In the discourse with which he began his career as special university lecturer in philosophy, KANT opposed WOLFF's attempt to derive the principle of causality from the logical principium contradictionis. This discourse, KANT's first metaphysical treatise, was entitled de Principiorum primorum cognitionis metaphysicae nova dilucidatio (1755). It attacked the Wolffian conception with CRUSIUS' distinction between "logical ground" and "ground of being" (Realgrund) and rejected the ontological proof for the existence of God, which concluded from logical grounds to the actual existence of a perfect divine Being.
     Both these treatises were written during KANT's first period in which he still held to the possibility of a theoretical metaphysics in the Wolffian sense; a metaphysics which in a purely analytical way would furnish apriori knowledge of reality from mere concepts and also fancied itself competent to answer questions pertaining to the ideal of personality.
     Even in this period KANT had gained the insight that the "metaphysical" root and origin of reality cannot be derived from the logical unthinkableness of the opposite. Even at this time he rejected the conception of LEIBNIZ and WOLFF that a metaphysical-logical possibility lies at the foundation of metaphysical reality.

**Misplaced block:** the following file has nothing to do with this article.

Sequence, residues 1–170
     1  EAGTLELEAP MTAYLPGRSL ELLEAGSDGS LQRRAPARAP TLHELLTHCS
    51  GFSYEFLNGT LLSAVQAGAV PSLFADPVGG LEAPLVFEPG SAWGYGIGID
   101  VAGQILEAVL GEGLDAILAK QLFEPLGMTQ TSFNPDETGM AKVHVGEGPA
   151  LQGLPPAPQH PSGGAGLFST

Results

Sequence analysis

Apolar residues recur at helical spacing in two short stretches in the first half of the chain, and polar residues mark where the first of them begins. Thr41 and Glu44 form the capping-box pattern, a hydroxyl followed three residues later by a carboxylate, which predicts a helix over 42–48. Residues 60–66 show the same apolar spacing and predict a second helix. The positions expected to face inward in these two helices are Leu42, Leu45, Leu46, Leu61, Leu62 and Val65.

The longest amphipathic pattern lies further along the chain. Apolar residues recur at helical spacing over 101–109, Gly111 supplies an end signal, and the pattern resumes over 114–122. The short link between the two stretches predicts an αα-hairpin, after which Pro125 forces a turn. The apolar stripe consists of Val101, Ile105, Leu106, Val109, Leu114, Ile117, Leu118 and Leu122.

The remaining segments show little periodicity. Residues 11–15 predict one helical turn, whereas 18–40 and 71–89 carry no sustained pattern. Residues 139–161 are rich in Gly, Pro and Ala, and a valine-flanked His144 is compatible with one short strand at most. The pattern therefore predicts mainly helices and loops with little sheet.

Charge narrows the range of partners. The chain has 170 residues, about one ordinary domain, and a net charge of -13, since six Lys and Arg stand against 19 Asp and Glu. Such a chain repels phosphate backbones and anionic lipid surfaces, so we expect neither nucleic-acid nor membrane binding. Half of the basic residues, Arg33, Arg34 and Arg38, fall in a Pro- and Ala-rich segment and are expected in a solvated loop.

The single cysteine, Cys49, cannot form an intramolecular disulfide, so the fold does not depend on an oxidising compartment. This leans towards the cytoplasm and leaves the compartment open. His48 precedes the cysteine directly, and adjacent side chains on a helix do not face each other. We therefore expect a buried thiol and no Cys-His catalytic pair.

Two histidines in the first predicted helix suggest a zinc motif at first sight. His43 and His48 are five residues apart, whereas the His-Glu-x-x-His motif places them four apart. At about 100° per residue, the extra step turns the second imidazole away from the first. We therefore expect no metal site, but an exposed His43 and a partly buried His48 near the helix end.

According to KANT, metaphysical being can be ascertained by logical thought only in the judgment of identity, but it cannot be proved to be necessary from the principium contradictionis. That is why KANT laid great emphasis upon the logical superiority of the principle of identity to the principle of logical contradiction.

KANT'S second period: the methodological line of demarcation between mathematics and metaphysics. The influence of NEWTON and English psychologism.
     In his second period, which extended from 1760 to 1765, these insights were intensified, so that they led to the drawing of a provisional line of demarcation between the method of mathematics and that of metaphysics.
     KANT's views in this period are characterized especially by the following writings: Der einzig mögliche Beweisgrund zu einer Demonstration des Daseins Gottes (1763), Versuch, den Begriff der negativen Gröszen in die Weltweisheit einzuführen (1763), and Untersuchung über die Deutlichkeit der Grundsätze der natürlichen Theologie and Moral (1763, published 1764), the last of which was written in answer to the prize question posed by the Academy of Science of Berlin. KANT noted a distinction between the mathematical and metaphysical method of acquiring knowledge on two points, namely, with respect to the significance of definitions and the form of demonstration. Mathematical definitions are synthetical in contradistinction to metaphysical definitions which are analytical. Mathematics creates its own "Gegenstand" in arbitrary concepts. The being taken into consideration by it does not arise from anything other than the mathematical concept.